Courtesy of the Journal of the National Cancer Institute:
“A large prospective cohort study of more than 76,000 women confirmed a strong association between cigarette smoking and lung cancer but found no link between the disease and secondhand smoke.
“The fact that passive smoking may not be strongly associated with lung cancer points to a need to find other risk factors for the disease [in nonsmokers],” said Ange Wang, the Stanford University medical student who presented the study at the June 2013 meeting of the American Society of
Clinical Oncology in Chicago.
The incidence of lung cancer was 13 times higher in current smokers and four times higher in former smokers than in never-smokers, and the relationship for both current and former smokers depended on level of exposure. However, among women who had never smoked, exposure to passive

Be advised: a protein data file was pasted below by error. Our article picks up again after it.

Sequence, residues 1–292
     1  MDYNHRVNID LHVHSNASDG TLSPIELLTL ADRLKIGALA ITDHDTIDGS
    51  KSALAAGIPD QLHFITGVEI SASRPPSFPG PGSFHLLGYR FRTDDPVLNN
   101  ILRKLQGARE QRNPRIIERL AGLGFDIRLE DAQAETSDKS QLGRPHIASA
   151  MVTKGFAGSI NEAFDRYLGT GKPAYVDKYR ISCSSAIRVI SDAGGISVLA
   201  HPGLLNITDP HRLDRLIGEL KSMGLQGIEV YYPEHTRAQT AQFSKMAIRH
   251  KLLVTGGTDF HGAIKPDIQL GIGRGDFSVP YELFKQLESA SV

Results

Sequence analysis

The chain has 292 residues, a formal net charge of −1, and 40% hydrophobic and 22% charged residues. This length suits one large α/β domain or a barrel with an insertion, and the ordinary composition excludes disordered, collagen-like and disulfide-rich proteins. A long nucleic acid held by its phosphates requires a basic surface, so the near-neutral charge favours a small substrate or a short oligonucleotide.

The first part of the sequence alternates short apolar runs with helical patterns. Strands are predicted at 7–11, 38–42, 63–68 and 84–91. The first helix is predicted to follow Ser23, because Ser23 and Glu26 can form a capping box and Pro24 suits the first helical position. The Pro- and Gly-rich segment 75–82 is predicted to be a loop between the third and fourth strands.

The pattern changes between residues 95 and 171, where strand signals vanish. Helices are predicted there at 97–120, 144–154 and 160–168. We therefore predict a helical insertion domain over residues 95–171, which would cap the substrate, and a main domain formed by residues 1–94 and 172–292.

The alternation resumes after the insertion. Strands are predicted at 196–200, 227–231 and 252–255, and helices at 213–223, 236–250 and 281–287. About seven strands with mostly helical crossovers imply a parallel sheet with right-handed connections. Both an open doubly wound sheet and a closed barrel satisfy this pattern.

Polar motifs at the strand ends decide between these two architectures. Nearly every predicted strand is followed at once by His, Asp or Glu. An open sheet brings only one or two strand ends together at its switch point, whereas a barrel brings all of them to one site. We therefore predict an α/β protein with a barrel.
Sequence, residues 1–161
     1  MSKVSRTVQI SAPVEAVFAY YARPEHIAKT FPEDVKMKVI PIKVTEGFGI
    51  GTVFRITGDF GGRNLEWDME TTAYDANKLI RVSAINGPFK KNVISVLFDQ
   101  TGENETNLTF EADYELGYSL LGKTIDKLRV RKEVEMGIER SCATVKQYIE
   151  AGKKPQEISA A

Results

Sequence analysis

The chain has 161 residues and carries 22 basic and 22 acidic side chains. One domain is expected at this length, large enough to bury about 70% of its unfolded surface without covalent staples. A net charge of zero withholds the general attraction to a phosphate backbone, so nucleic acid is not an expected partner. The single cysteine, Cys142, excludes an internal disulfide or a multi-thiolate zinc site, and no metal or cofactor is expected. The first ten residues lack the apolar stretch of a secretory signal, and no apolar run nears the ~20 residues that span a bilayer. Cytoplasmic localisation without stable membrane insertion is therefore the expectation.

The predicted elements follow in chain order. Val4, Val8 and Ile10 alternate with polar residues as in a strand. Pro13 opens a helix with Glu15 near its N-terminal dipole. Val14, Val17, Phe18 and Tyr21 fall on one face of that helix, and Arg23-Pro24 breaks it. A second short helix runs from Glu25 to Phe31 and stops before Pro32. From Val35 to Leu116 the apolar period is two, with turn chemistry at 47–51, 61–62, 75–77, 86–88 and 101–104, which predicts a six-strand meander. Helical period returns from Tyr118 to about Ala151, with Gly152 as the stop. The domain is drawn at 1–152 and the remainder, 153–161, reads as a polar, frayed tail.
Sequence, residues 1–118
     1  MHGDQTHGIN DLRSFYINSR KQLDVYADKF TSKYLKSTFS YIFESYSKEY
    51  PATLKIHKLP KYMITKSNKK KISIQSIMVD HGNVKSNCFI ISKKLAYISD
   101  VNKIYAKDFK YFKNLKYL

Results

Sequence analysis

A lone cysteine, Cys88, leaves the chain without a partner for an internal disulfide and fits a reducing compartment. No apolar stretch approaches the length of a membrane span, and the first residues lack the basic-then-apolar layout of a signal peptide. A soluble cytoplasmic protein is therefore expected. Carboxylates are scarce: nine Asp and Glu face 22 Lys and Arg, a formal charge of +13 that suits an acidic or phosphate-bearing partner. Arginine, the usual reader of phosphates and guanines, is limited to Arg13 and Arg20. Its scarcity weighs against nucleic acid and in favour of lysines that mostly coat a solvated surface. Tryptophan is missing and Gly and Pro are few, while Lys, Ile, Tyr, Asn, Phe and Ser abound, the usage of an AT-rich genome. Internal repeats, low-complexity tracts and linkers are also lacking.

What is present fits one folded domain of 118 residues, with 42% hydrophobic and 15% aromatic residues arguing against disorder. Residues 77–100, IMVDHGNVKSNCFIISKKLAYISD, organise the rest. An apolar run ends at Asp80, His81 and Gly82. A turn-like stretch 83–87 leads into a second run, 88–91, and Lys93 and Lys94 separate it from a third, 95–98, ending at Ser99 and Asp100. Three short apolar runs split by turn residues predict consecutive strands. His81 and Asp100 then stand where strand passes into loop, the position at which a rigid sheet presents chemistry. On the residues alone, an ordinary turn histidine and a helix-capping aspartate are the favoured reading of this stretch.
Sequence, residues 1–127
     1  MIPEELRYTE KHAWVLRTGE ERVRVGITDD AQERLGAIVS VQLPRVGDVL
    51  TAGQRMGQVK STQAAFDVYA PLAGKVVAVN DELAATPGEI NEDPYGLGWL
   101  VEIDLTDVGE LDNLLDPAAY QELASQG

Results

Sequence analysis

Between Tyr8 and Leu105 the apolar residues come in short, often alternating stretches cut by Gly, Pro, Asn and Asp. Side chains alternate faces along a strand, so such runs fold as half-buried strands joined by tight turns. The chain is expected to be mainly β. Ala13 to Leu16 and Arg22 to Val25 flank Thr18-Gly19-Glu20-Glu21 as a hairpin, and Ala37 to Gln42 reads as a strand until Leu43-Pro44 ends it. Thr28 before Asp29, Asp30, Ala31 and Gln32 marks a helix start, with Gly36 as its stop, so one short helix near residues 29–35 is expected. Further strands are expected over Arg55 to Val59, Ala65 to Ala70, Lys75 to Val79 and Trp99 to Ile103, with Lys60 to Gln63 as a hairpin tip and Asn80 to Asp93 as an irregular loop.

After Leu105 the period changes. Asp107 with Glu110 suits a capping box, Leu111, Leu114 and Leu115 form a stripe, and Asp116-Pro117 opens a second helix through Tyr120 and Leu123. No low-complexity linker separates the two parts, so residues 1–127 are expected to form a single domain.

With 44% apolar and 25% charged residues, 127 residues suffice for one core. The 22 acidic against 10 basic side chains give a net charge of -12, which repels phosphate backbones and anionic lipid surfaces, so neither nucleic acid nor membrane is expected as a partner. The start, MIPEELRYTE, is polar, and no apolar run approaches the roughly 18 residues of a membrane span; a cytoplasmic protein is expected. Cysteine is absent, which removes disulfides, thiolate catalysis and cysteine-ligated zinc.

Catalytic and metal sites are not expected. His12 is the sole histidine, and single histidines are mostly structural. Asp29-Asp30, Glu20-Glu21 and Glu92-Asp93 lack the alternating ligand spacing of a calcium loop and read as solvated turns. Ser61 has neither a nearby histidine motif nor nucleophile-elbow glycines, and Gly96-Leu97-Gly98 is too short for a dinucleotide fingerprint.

smoking overall, and to most categories of passive smoking, did not statistically significantly increase lung cancer risk.